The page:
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    Highlights of the ICANNWatch Archive
    (June 1999 - March 2001)

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    Stuart Lynn Explains Himself | Log in/Create an Account | Top | 3 comments | Search Discussion
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    Re: Stuart Lynn Explains Himself
    by 300baud (service at evesnetwork dot com) on Thursday May 31 2001, @07:21PM (#709)
    User #2869 Info | http://www.evesnetwork.com
    Absolutely amazing... Thankyou for posting his response.

    I agree with the insight that he's not asking for discussion, but rather attempting to dictate policy.

    I find the "Emperor" analogy all too appropriate.

    By definition the Internet is a voluntary interconnection of privately operated networks. Even so it has never been an anarchy, but rather a cooperative effort. While I don't claim to understand the inner workings entirely, I don't think anyone on the net asked to be placed under the rule of a dictatorship.

    ICANN talks of bottom up and community, but frankly I haven't seen ***ANY*** indication of either in their actions.

    It's my opinion if the current organizations don't stand up in arms quickly and vocally, ICANN will gradually sweep them all under the rug to extinction.

    [ Reply to This | Parent ]
    Re: Stuart Lynn Explains Himself
    by fnord (groy2kNO@SPAMyahoo.com) on Friday June 01 2001, @12:25AM (#711)
    User #2810 Info
    ICANN has added a link from Lynn's ever changing (but not marked as Updated) page pointing to a new Public Comment Forum on a Unique, Authoritative Root for the DNS. One hopes it draws responses from more than apprentice netkooks.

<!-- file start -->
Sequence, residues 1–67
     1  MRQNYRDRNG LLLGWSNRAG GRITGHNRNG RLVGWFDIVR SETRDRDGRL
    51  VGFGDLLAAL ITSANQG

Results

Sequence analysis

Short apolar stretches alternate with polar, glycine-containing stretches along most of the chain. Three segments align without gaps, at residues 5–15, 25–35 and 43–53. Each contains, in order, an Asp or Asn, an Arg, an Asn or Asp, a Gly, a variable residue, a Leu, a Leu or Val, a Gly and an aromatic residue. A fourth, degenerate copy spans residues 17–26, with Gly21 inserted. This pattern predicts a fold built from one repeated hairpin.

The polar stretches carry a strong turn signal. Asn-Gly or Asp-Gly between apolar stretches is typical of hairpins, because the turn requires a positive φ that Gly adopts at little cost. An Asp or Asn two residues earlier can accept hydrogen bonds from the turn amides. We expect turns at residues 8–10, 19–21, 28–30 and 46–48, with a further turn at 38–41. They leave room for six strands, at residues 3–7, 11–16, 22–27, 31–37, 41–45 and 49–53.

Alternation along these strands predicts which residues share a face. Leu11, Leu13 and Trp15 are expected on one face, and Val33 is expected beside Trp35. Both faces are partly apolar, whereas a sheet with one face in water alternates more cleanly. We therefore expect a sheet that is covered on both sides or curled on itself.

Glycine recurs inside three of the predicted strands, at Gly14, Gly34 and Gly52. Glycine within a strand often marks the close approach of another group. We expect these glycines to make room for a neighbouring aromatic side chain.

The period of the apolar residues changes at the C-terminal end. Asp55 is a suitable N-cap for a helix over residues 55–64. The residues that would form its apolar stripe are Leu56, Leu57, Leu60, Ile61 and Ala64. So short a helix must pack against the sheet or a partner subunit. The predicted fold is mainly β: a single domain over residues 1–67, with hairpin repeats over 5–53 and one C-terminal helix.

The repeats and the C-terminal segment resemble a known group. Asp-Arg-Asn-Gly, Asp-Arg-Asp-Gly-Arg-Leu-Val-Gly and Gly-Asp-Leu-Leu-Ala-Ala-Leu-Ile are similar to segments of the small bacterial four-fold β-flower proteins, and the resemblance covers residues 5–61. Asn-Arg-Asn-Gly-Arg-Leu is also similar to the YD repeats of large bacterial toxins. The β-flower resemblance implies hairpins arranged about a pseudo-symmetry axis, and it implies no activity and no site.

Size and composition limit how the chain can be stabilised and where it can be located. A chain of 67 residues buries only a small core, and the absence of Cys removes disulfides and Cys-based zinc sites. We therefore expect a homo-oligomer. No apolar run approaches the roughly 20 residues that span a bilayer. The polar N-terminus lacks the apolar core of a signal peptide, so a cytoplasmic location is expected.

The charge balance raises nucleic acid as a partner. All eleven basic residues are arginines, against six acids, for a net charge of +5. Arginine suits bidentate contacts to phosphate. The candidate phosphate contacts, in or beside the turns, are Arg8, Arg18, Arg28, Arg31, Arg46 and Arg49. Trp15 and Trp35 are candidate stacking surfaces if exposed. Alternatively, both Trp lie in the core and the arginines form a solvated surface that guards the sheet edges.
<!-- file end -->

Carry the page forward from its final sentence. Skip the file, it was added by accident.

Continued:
If I wasn't clear in my earlier post, while it makes some sense that Lynn's draft appears within the icann.org/stockholm/ directory on ICANN's server, can anyone explain why Kent Crispin's draft is stored and made public from the same directory? Will ICANN give equal space to Higgs or new.net? Doesn't this imply a similar blessing to the one which Lynn's draft has questionably received?

    Methinks new.net is what the current kafuffle is really about. While the ICANN talking heads have steered clear of directly addressing new.net as an 'alt' root, Crispin pulls no such punches. ICANN isn't worried about DNS instability with two .biz's out there, nor do I think there is much reason to be for most users (in a technical sense, prior use in commerce is another matter). I also don't think they are too concerned about new.net's plugin or repurposed 3LD's (it is outside their mandate anyway).

    But if you have some of the US's largest ISP's pointing to new.net's .shop, .law, et cetera, then ICANN can't bring in a TLD of the same name without inducing serious, unpredictable instability in the DNS, and as ICANN wasn't first with the names they can't just blame it on some patsy.

    While ICANN takes just less than forever to introduce new TLD's, new.net could conceivably introduce another 20 (or 100) without too much time or effort, meaning ICANN can only fall further behind in the race for the 'best' TLD's. Rubbing their noses in it, .kids, .xxx, travel, and others, which ICANN could have OK'd, have now effectively been taken away from them. Seems to me this puts ICANN in a real pickle, perhaps explaining Crispin's implied threat that if new.net encroaches on ICANN's turf, Verisign can encroach on theirs. Is ICANN's facade beginning to crumble? -g

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